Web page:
NASA's Curiosity Mars rover detects 'unusually high' levels of methane

  
Via:  perrie-halpern  •  4 weeks ago  •  13 comments

NASA's Curiosity Mars rover detects 'unusually high' levels of methane
Is it evidence of life on the Red Planet?

S E E D E D   C O N T E N T


By David Freeman


In a finding that has renewed talk about the possibility of life on Mars, NASA said Sunday that its Curiosity rover had detected "unusually high" levels of methane on the Red Planet.

Methane is an odorless, colorless gas that can be produced by simple geological processes as well as by microbes and other living organisms, so the new methane spike doesn't definitively prove that life exists or once existed on Mars.

"While increased methane levels measured by @MarsCuriosity are exciting, as possible indicators for life, it’s important to remember this is an early science result," Thomas Zurbuchen, associate administrator for the science mission directorate at NASA headquarters in Washington, said in a tweet on Saturday.

190624-possible-methane-sources-ac-409p_This image illustrates possible ways methane might be added to Mars' atmosphere (sources) and removed from the atmosphere (sinks). NASA/JPL-Caltech/SAM-GSFC/Univ. of Michigan

NASA said Curiosity scientists needed more time to analyze the new findings and to conduct additional methane observations. A spokesperson for the agency declined a request for more information.

Curiosity has detected methane many times since its arrival on Mars in 2012, but this is the most the rover has ever detected: 21 parts per billion by volume. That's three times higher than the previous record, Nature reported, though far below atmospheric methane levels on Earth.

Major sources of methane on Earth include the production and distribution of fossil fuels; cattle and other domestic livestock, which produce methane during the digestive process; and the decomposition of waste in landfills and wastewater treatment plants.

The rover's laser spectrometer device detected the methane while the car-size rover was parked at the Teal Ridge site within Gale Crater, a 96-mile-wide dry lake bed that was created millions of years ago by an asteroid impact. Curiosity was sent to the crater in part because its watery past makes it a likely spot to find evidence of past life on Mars.

Previously, Curiosity detected carbon-containing molecules in ancient sediments on Mars as well as seasonal shifts in the levels of atmospheric methane. In a commentary on those discoveries published last June in the journal Nature, Inge Loes ten kate, an astrobiologist at Utrecht University in the Netherlands, called the discoveries "breakthroughs in astrobiology."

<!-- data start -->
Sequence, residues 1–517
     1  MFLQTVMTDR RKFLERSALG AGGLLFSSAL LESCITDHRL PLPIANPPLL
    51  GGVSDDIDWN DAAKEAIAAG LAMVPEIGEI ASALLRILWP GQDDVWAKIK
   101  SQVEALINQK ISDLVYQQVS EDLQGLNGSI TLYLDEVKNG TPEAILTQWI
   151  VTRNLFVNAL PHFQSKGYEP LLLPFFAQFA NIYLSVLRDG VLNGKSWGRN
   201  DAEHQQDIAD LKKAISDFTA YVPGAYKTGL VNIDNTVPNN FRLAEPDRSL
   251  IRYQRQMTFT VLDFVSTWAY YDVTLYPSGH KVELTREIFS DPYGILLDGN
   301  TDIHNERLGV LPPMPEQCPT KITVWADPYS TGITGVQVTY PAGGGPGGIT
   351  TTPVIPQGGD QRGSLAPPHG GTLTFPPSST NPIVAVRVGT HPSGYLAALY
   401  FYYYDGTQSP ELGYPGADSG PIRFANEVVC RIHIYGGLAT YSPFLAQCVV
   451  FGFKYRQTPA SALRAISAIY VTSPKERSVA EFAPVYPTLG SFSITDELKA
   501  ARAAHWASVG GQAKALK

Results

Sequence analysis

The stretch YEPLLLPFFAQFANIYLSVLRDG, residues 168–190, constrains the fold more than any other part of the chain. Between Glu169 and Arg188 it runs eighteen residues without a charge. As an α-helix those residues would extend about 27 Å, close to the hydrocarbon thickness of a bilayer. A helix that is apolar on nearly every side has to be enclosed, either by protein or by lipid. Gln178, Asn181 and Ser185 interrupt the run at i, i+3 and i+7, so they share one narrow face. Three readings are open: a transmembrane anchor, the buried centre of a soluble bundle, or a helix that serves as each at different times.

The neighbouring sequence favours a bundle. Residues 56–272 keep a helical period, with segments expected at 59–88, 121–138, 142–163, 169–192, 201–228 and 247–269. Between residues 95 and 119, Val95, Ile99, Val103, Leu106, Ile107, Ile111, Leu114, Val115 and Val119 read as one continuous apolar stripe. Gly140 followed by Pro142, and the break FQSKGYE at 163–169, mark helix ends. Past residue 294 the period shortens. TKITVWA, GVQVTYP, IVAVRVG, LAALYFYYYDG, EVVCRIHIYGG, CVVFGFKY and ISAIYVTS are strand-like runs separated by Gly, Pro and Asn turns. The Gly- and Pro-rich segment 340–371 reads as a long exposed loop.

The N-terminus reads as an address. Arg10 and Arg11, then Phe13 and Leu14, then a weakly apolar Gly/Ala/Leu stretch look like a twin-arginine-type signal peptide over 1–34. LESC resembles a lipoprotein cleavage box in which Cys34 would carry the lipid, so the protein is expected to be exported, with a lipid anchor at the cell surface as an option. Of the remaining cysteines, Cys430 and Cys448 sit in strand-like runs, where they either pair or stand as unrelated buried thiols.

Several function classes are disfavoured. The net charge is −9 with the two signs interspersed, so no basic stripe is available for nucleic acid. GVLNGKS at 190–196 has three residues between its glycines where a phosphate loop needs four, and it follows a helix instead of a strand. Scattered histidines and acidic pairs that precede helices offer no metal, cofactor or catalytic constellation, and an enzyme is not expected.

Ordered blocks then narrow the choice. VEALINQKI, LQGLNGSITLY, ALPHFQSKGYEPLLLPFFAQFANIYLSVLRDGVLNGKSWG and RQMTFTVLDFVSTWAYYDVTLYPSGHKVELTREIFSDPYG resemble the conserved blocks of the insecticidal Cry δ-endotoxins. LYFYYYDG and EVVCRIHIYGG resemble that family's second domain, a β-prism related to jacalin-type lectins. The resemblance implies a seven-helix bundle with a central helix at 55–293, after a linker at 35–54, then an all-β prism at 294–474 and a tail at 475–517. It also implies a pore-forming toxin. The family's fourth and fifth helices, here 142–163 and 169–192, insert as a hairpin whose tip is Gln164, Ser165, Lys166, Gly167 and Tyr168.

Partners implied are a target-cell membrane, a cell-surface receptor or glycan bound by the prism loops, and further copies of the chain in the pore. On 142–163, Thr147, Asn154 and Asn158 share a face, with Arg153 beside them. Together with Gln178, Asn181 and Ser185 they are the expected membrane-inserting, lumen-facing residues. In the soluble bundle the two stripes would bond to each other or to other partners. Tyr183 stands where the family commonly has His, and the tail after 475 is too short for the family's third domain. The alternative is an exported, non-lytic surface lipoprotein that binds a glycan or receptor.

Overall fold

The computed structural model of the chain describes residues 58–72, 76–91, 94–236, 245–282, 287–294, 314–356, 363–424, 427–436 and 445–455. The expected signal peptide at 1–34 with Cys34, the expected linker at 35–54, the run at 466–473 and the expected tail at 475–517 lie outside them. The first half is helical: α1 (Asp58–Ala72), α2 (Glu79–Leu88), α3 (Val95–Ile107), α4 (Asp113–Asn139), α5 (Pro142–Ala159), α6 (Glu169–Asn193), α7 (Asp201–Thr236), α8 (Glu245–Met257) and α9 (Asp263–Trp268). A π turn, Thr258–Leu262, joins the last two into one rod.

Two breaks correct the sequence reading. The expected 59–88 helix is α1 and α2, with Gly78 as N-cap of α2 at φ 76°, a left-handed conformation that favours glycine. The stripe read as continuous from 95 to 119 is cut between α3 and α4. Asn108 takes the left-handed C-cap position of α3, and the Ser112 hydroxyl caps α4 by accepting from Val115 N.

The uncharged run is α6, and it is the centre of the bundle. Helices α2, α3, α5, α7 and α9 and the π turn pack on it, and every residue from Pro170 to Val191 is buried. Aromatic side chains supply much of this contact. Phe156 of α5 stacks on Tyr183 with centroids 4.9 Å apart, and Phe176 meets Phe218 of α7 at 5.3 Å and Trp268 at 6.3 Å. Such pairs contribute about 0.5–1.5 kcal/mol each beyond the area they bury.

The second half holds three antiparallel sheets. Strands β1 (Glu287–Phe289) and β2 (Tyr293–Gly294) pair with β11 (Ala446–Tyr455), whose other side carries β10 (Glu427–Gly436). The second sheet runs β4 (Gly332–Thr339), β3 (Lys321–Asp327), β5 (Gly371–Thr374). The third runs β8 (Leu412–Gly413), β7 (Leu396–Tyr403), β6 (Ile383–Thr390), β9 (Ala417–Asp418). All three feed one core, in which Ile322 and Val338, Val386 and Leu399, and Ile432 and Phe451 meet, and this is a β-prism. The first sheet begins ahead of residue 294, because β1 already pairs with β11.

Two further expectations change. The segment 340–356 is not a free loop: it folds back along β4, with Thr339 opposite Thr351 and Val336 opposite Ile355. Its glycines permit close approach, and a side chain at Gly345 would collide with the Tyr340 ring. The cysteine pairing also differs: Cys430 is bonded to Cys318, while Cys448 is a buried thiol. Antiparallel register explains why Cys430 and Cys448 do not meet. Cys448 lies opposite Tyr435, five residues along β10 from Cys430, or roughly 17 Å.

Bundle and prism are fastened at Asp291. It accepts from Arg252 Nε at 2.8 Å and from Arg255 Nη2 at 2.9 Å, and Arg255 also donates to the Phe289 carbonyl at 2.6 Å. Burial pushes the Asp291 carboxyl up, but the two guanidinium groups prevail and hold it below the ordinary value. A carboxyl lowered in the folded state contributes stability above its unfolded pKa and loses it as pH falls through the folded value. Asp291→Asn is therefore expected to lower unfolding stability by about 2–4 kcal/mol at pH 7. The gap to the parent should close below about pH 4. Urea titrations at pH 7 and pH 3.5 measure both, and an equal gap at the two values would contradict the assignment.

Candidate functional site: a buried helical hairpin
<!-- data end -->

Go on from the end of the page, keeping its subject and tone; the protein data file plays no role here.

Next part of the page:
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Ed-NavDoc
2  Ed-NavDoc    4 weeks ago

Proof positive that there were once politicians on Mars! My apologies, I could not help myself. Good article though.

 
 
 
WallyW
2.1  WallyW  replied to  Ed-NavDoc @2    4 weeks ago

We know that microbial life appeared quite early in Earth's history. Perhaps it might have started to form on Mars since there was water on its surface early on.

http://www.fossilmuseum.net/Tree_of_Life/Stromatolites.htm

 
 
 
Trout Giggles
2.2  Trout Giggles  replied to  Ed-NavDoc @2    4 weeks ago

I thought it was funny....

 
 
 
Trout Giggles
3  Trout Giggles    4 weeks ago

Methane is a simple carbon CH4 if I remember my organic chem correctly.

There's an abundance of methane on Earth but that doesn't mean there's intelligent life here......

 
 
 
Krishna
4  Krishna    4 weeks ago

The solution?

Send the martians rocketship loads of "Beyond Meat"!

Its time for them to go vegan!

 
 
 
†hε pε⊕pレε'š ƒïšh
5  †hε pε⊕pレε'š ƒïšh    4 weeks ago

Clearly Mars is experiencing man made climate change, oh wait.......

 
 
 
Nerm_L
6  Nerm_L    4 weeks ago

The news is more likely evidence of another NASA budget request.  NASA has a long history of hyping science for more public money.  Whatever happened to OCO2?

 
 
 
Gordy327
6.1  Gordy327  replied to  Nerm_L @6    3 weeks ago

NASA should have a higher budget. If it had the military budget, we might have had moon bases by now.

 
 
 
Nerm_L
6.1.1  Nerm_L  replied to  Gordy327 @6.1    3 weeks ago
NASA should have a higher budget. If it had the military budget, we might have had moon bases by now.

A $21.5 billion annual budget ain't exactly chickenfeed.  That's almost double the Air Force's budget for aircraft procurement.  And NASA receives additional funding from the military, too. 

Whatever happened to the NASA Orbiting Carbon Observatory (OCO-2)?  Did the hype live up to the $1.5 billion price tag?  Will the third one finally deliver something useful?

 
 
 
Gordy327
6.1.2  Gordy327  replied to  Nerm_L @6.1.1    3 weeks ago

$21.5B is drops in a bucket compared to a $650B military budget. 

 
 
 
Nerm_L
6.1.3  Nerm_L  replied to  Gordy327 @6.1.2    3 weeks ago
$21.5B is drops in a bucket compared to a $650B military budget. 

About $180 billion of that military budget is for payroll and health care.  The military spends about as much on space activities as does NASA.  And the military does provide some funding to NASA for payload delivery.  NASA is a military contractor, too.  

What happened to the NASA Earth Observing System?  OCO-2 was only one of 17 space missions that were supposed to provide definitive answers about the changing climate.  NASA has also conducted atmospheric programs that were promised to provide insights about the stratosphere and the changing climate.    

The NASA Space Launch System will cost at least $7 billion to get the first rocket off the pad.  Just so a handful of military trained astronauts can whiff Mars farts.

NASA is sucking money away from research that could have a real impact.  

 
 
 
Ender
7  Ender    3 weeks ago

It is all of the cow and pig farts from earth...traveling on solar winds.

 
 
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